By S Marathe (full name withheld upon author’s request)
As a young Rotary member who has lived with a vision impairment, I have come to understand the importance of allies. An ally is anyone that actively aspires to be inclusive and is intentional through their thoughts, actions, and words to consciously promote a respectful and inclusive culture.
Many organizations are actively attempting to address the low employee representation across minority groups of gender, culture, and disability and are adopting a range of strategies. But many times, it’s the day-to-day actions that make the most difference. For International Day of Persons with Disabilities, 3 December, I wanted to share some of the characteristics that make a great ally.
Understand that we are all unique
Allies are deeply empathetic and appreciate that my life experience with a disability is unique to me. No two people with a disability are the same, even if they experience the same type of disability. Their life experiences, preferences, and opinions will be unique. Therefore, you should not take a “cookie cutter” approach and assume what support they need without asking them first. Although you may think you are doing the right thing, support to them may look very different and what you offer may not be helpful at all.
I am legally blind as I have no central vision; however, my peripheral vision is amazing! I don’t use a cane and I’m comfortable with my mobility and navigation – which often catches people by surprise as they think of a blind person with a stereotypically image of someone with a cane or guide dog.
Show genuine curiosity with a desire to learn and understand
Allies are not afraid to ask if they don’t know, educate themselves, and practise what they learn. They take responsibility for their behaviour and, if they don’t get it right the first time, sincerely try again.
Breaking down stigmas and stereotypes is only possible if you have a two-way conversation, are exposed to diverse individuals, and are willing to be open minded and appreciate things from different perspectives. I’ve found that sharing the story of what I can and can’t do helps remove barriers and build trust.
Many people, upon seeing me looking closely at my smartphone, will begin a conversation with “looks like someone needs glasses” or “didn’t your mother tell you not to watch the screen so close.” When I explain that I have no central vision, they are surprised and ashamed and go silent. The response I love to hear is, “that sounds interesting, tell me more.” My disability is a part of who I am and I’m not ashamed of it, nor should you feel ashamed on my behalf.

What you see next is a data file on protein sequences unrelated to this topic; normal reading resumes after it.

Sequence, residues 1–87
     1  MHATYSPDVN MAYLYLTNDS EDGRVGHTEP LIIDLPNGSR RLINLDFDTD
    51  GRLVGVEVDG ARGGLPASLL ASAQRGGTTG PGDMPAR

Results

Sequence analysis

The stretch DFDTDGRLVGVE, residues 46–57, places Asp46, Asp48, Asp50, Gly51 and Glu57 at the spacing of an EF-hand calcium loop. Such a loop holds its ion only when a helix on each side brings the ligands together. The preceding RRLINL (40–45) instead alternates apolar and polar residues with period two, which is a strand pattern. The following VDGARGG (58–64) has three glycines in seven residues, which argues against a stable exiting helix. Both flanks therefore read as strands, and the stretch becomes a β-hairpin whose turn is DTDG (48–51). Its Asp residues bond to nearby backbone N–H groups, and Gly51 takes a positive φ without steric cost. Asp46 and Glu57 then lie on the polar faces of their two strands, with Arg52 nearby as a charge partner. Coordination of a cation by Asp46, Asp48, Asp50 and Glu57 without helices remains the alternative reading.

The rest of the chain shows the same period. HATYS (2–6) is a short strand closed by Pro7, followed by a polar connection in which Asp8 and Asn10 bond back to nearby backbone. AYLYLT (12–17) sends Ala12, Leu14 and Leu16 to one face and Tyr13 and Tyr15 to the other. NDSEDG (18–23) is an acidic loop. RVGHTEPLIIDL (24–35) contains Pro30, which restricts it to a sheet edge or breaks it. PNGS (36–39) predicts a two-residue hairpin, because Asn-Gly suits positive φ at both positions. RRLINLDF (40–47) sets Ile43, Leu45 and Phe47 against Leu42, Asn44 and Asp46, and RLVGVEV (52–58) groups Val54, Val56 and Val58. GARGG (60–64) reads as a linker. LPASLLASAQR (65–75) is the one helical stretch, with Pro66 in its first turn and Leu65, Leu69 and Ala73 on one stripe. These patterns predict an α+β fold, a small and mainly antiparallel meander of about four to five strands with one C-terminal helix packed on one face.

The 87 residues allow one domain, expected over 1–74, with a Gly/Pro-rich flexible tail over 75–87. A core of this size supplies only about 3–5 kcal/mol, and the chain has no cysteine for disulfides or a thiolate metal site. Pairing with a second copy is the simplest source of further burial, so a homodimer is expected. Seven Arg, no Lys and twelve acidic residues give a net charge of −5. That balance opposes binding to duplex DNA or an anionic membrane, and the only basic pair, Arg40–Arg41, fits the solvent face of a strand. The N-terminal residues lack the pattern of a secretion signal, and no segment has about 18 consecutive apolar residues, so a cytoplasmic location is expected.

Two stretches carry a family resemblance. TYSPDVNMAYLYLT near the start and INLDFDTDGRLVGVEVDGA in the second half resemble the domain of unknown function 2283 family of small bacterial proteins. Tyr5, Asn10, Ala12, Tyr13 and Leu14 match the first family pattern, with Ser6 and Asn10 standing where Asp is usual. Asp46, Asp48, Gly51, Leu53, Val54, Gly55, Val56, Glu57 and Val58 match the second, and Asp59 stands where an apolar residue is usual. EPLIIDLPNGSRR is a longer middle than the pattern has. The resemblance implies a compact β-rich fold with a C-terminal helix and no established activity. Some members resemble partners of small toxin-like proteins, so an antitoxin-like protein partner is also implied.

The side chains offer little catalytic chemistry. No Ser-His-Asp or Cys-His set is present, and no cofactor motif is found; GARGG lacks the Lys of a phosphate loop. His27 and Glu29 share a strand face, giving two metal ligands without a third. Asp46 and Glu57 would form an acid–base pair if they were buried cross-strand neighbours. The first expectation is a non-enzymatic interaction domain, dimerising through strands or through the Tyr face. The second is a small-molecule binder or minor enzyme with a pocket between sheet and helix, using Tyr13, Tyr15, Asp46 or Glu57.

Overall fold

One in five individuals are living with a disability, so chances are you already know someone. I encourage you to challenge your existing assumptions and seek to understand from them first. Let’s keep the conversation flowing, tackle the deep issues, and change social norms so it is no longer taboo!
Create space for me to use my voice, feel empowered, act, and define my own identity
In my younger years, when I was still in deep denial, I found supportive individuals such as my parents and close friends invaluable, but I didn’t want them to advocate for me. I wanted their help quietly.
As I met other like-minded individuals and felt the power of community at conferences, I developed my own voice and advocated for myself at university.
The allies I found most impactful were the ones that didn’t just clear obstacles for me but taught me how to do so. Their role was to fill me with confidence and listen as I tested my ideas and developed my voice. When I did fall, they were there to unpack it, help me understand what didn’t work, and propose new approaches.
It’s my life and I want to live it! I want to try climbing up a mountain on a tandem bike feeling every bead of sweat dripping down my face. I want to travel solo around the world and taste that first bite of gooey centred jam donut in Poland. I want to feel the sense of accomplishment as I present my project in front of a board of executives. I want to be given the same opportunities and experiences – even though I might perform the tasks differently and reach a different outcome.
An ally is one who is there by my side, pushing me to keep going. I believe allyship comes to most Rotary members naturally – inclusive behaviour is strongly grounded in our values and Code of Conduct, “to be fair in all dealings with others and treat them with the respect due to them as fellow human beings”. If we apply that and The Four-Way Test, Rotary members will be well set up to be good allies.
Learn more about Rotary’s Diversity, Equity, and Inclusion task force.